Amnesty and Pardons

Even while the Civil War was in progress, the federal government offered amnesty to Confederate citizens in an attempt to encourage loyalty to the Union and to begin the process of reconstruction. The Confiscation Act of 1862 authorized the president of the United States to pardon anyone involved in the rebellion. The Amnesty Proclamation of December 8, 1863, offered pardons to those who had not held a Confederate civil office, had not mistreated Union prisoners, and would sign an oath of allegiance. Another limited amnesty that targeted Southern civilians came into effect on May 26, 1864.

Lee was pardoned, but was buried shoeless and in  a coffin too smallOn April 9th 1865, when General Robert E. Lee surrendered his Army of Northern Virginia to General Ulysses S. Grant, the men and officers were allowed to return to their homes, not to be disturbed by United States authority so long as they observe their paroles and the laws in force where they may reside. This stipulation allowed Confederate soldiers to return to their homes without the threat of trials for treason.

On May 29, 1865, President Andrew Johnson provided for amnesty and the return of property to those who would take an oath of allegiance. However, former Confederate government officials, officers with the rank of colonel and above from the Confederate army or lieutenant and above from the Confederate navy, and people owning more than $20,000 worth of property had to apply for individual pardons. Though it was difficult for ex-Confederates to ask for a pardon for something they did not believe had been wrong, thousands did ask for and receive amnesty from President Johnson.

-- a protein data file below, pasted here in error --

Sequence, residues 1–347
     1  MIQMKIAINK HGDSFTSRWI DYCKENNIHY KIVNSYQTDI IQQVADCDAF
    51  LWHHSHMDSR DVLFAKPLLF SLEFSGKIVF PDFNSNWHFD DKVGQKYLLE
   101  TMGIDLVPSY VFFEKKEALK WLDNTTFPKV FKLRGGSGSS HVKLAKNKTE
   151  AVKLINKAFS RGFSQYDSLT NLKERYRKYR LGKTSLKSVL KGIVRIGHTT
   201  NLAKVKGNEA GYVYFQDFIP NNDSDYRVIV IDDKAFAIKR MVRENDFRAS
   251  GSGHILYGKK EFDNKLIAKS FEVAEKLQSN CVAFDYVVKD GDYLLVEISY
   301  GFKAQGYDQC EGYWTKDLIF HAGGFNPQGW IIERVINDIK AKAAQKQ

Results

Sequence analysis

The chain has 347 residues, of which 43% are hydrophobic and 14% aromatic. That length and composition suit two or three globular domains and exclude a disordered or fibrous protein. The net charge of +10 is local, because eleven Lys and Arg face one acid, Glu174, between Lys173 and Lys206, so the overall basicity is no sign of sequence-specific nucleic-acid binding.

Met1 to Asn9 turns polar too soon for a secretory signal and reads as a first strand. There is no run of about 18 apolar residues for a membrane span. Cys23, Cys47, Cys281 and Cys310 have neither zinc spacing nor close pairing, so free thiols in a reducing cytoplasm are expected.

On Christmas Day 1868, Johnson granted an unconditional pardon to all Civil War participants except high-ranking military and civil officials. In May 1872 the Congressional Amnesty Act gave the right to hold office again to almost all Southern leaders who had been excluded from public office by the 14th Amendment.